Copywriter/Art Director: Nic Di Tempora. Illustrator: Chris Grosz.
Pictures and words (art and copy) go hand-in-hand. Both the copywriter and the art director are idea makers. Sometimes ideas manifest in the form of words. Other times, they manifest in the mind’s eye as a visual. It’s only natural that this “seeing” comes easier to an art director than a copywriter, simply because they are well practiced in the act of Visual Ideation
Whether you are more wordsmith or more graphicsmith, you can develop this act of seeing visual ideas in your own mind’s eye. In fact, it is strongly recommended that you do if you work in media and communications. Visual ideas are there within you. They do arise when you’re in the process of generating ideas. You just have to recognise and capture them onto the page before they recede back into the blur of the sub-conscious.
By thinking like an art director and a copywriter, you will be using the full capacity of your imagination, and thus become able to generate more ideas. You also become capable of seeing the potential of a half-baked idea and turning it into something fully formed and meaningful to your target audience.
In short, when you can articulate an idea with vision and
words (Art & Copy), you become a complete communications package. And that’s when you are the real deal. In a conversation about the role of art director with Richard Lovell, Senior Creative [Grey Group, Sydney], he emphasised that, ‘ideas are more important than art directorial skills, although you should always art direct the concepts in an interesting and original way, so to raise you above the competition’. He continued to explain that once a concept is developed, and depending on the project and the agency, the art director works with typographers, illustrators, photographers, directors, product designers and graphic designers, and ‘sometimes they do the whole job themselves on their own Mac’. He concludes that, ‘there are no rules here, but the art director always has to have a strong opinion as to what they aim to achieve for the client’.
Two issues often arise when mentioning the words ‘art direction’ in my classes and some of my freelance creative projects. Firstly, many confuse graphic design with art direction, and secondly, writers usually think, ‘I can’t art direct because I don’t know much about In Design and Photoshop’. To knock the latter on the head, you’ll be glad to know that an Artline black felt pen and an A4 layout pad are all you really need to express your ideas into words and pictures. You don’t have to be a good drawer either (although it helps articulate your idea more clearly and neatly). As for the difference between art direction and graphic design, there is one main difference, and a significant one at that. In my email correspondence with Art Director, Jordy Molloy [DDB, Melbourne], she explained that, ‘the main difference between Art Direction and Graphic Design is ideas. To be a great Art Director, you need to have a clear vision and be able to articulate your ideas and see them through.’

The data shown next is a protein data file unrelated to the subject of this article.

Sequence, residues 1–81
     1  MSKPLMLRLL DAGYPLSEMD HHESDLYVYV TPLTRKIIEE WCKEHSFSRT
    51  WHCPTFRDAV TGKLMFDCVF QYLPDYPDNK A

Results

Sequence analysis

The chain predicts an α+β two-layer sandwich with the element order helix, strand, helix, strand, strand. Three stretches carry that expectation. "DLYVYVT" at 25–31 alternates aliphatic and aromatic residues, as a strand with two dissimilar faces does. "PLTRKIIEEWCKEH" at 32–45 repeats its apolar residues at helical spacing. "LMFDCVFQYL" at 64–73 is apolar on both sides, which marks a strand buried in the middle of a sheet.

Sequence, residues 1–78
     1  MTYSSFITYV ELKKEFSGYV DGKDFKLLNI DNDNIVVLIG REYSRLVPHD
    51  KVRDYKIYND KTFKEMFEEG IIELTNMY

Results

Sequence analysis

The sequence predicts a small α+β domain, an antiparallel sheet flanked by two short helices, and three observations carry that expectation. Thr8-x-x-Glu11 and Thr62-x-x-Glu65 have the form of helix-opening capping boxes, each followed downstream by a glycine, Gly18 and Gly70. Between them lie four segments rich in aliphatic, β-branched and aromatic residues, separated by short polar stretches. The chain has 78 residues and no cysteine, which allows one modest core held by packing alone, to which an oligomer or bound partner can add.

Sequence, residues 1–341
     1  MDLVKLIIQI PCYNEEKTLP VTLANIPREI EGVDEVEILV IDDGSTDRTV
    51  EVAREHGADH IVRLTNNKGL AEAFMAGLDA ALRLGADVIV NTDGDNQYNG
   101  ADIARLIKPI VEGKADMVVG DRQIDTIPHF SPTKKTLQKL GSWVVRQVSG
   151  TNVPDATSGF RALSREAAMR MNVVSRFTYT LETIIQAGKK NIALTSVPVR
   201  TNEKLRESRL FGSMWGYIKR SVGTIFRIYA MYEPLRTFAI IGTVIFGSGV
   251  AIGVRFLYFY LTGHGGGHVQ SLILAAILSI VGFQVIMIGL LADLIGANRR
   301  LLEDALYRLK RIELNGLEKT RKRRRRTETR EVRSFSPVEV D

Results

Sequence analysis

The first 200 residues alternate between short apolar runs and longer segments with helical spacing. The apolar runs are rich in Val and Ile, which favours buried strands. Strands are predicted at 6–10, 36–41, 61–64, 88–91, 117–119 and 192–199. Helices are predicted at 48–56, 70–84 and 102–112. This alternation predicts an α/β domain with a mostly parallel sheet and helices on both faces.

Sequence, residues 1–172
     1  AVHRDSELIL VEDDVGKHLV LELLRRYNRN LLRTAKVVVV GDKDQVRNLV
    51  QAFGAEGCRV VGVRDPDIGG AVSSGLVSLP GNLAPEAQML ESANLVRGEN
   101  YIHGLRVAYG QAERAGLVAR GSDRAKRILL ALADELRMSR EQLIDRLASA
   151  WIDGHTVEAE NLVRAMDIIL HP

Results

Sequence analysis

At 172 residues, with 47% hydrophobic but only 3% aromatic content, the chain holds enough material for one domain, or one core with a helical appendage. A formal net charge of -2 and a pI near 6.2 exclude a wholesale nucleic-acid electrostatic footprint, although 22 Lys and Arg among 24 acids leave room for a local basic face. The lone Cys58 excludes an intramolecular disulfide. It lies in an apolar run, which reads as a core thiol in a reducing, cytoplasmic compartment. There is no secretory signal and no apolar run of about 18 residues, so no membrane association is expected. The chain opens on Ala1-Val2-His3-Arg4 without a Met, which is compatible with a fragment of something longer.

Perhaps the best examples of the synergy between Art & Copy in the expression of an idea are the Economist covers. They are a masterclass in the pure simplicity of a clear, concise and compelling idea expressed instantly in words and pictures (without one repeating the other).
Both the writer (or editor in publishing) and the art director are more concerned with creative strategy than execution. They’re about evoking the right emotion or thought
, communicating a message clearly and instantly, and creating an immediate connection to what you’re seeing and experiencing.
Story-wise, you as art director would be asking questions like: does the visual and headline work as one? Do the visuals support and convey the mood or attitude? Is the message (or story) telegraphed clearly and instantly to the target audience?
Composition-wise (layout), you would focus on how balanced the elements (visuals, headline, copy, logo) on the page should be? You might notice that while balanced compositions are pleasing but often passive, unbalanced compositions are uneasy and unsettling yet visually more interesting.
You may ask, ‘why is unbalanced more interesting?’ and this question will eventually lead you to discovering The Golden Ratio, which creates tension in the composition and is thus more compelling to the eye. We love our tension (be it in film, literature, music, architecture or design).
Now for the wonderful world of typography. Here is where you’ll ask questions like ‘which letter form most effectively sends the message and expresses the attitude?’ You usually begin with the two primary types — Serif
(with tails at the end of the letters) or Sans Serif
(without tails). Within each of these categories is an ever-expanding universe of fonts. For a given text, there are many typographic solutions that would be equally good. Typography is not a math problem with one correct answer. You will eventually discover that producing good typography depends on how well you understand the aims of your text, not on taste or visual training.
All along the way until the end, your through-line question as an art director will be ‘does it feel good?’ As opposed to the graphic designer’s question ‘does it look good?’
Now that the dynamic and potent relationship between Art & Copy has been revealed, you can start to see how those arresting ideas you see here, there and everywhere came to be conceived. RMIT’s Short Course in Visual Ideation – Creative Strategy for Art and Copy
is a rare and great opportunity for you to discover the secrets of your own creative potential with art and copy. You’ll be taken on a two-day magical mystery tour from concept to final art to oh wow!